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College Payoffs and Affirmative Action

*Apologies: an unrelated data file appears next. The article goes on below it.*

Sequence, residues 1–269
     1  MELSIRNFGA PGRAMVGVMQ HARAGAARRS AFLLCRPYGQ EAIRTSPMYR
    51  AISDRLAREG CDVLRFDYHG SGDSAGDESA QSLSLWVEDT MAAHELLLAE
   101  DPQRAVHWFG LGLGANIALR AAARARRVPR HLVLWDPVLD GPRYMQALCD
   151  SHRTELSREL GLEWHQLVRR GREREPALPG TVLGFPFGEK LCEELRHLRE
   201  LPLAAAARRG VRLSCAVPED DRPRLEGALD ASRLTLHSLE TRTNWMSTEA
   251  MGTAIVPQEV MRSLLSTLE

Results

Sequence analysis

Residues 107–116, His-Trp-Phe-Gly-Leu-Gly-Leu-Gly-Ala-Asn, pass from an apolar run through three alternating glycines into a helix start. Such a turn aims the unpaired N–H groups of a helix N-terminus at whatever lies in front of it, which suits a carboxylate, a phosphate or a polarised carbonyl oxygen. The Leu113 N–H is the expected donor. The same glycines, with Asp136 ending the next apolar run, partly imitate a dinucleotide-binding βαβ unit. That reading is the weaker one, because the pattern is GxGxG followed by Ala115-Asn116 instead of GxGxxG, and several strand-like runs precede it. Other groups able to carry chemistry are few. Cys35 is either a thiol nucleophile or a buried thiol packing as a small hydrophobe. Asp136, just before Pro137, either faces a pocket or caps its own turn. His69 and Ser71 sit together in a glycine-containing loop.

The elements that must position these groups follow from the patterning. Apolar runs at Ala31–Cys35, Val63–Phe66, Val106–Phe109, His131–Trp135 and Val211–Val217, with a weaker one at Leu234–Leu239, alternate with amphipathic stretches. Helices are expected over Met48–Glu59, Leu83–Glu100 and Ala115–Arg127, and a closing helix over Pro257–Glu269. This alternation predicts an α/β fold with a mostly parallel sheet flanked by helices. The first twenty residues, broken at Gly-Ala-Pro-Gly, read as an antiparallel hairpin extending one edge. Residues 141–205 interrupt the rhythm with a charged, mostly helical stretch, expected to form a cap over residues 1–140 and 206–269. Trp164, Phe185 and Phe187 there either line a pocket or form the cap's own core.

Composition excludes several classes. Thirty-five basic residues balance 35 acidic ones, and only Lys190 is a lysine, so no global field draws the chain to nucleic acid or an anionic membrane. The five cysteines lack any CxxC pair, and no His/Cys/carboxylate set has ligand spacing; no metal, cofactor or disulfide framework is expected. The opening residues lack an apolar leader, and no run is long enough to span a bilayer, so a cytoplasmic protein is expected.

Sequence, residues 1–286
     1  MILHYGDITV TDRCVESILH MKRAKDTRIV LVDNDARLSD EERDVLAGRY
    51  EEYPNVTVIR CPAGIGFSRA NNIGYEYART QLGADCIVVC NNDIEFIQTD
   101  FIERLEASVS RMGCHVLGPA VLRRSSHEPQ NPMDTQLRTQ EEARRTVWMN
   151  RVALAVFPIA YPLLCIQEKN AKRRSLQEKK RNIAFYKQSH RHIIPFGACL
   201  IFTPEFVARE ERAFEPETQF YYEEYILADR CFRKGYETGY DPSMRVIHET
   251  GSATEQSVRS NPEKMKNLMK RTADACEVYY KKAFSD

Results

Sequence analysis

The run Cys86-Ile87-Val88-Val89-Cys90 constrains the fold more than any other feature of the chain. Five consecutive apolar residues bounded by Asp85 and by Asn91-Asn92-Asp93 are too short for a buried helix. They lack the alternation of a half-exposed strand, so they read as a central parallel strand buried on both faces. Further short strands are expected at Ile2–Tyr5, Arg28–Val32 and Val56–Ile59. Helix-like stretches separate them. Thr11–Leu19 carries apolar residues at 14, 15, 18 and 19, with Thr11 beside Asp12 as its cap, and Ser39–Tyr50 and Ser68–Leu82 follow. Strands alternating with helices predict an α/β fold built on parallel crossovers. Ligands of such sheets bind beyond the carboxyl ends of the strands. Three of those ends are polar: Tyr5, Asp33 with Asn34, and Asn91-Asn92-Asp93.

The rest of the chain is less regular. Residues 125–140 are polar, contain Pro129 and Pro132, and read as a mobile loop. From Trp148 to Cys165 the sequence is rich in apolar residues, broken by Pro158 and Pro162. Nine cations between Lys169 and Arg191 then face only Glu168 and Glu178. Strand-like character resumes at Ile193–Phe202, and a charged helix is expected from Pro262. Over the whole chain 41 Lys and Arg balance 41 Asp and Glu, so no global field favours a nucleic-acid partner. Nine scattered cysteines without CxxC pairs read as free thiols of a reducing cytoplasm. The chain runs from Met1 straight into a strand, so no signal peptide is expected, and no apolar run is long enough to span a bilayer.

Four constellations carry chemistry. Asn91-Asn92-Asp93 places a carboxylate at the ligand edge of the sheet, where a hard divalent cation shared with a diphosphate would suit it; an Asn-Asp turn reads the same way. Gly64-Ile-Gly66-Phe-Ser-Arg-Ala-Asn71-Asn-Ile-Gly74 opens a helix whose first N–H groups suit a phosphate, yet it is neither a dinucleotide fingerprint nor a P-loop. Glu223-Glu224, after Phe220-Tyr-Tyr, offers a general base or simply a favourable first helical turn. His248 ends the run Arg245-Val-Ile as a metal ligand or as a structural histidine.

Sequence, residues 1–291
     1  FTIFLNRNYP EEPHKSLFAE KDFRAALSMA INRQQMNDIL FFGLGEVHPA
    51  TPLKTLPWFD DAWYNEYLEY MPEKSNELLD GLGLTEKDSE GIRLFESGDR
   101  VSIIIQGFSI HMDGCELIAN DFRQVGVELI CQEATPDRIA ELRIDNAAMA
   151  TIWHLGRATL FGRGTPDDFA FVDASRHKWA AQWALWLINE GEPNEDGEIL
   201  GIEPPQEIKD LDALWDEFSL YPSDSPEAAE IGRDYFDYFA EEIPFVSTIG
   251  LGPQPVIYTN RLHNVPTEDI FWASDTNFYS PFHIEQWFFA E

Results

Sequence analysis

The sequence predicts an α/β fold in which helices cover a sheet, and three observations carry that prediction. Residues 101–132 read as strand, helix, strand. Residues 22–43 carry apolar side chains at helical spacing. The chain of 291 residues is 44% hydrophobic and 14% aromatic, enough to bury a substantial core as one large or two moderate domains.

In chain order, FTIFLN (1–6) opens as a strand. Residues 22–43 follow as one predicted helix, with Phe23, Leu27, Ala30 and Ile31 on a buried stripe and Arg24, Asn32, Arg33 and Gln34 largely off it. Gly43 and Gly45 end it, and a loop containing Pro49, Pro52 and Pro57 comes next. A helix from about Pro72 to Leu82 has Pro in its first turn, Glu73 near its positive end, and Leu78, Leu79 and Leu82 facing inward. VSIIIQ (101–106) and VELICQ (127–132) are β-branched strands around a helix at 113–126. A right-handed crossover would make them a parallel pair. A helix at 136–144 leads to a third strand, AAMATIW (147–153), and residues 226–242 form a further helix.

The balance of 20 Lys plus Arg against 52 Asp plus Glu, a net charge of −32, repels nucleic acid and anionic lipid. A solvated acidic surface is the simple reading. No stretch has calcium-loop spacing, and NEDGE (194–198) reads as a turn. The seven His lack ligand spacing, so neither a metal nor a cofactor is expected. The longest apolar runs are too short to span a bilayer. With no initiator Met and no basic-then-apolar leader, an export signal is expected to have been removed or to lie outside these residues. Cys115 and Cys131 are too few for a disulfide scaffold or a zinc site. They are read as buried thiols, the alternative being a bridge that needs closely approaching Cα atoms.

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Ramesh: There’s also a racial angle to this, of course. The use of racial preferences at selective schools (where, indeed, they are most heavily weighted) is frequently defended on the grounds that one must have an Ivy League diploma in order to be really successful in life. Trouble is, it turns out that (a) this is not true, and (b) admitting someone to a school where they are less qualified than everyone else may actually be bad thing for his or her career, not a good thing. For instance, last year’s book Increasing Faculty Diversity by Stephen Cole and Elinor Barber suggests that racial preferences have steered many students to schools where they end up getting lower grades that had they gone elsewhere, and this is one reason for the shortage of blacks and Latinos in academia. (Ironically, the book was funded by the liberal Andrew W. Mellon Foundation, which tried to distance itself from the book’s findings.)



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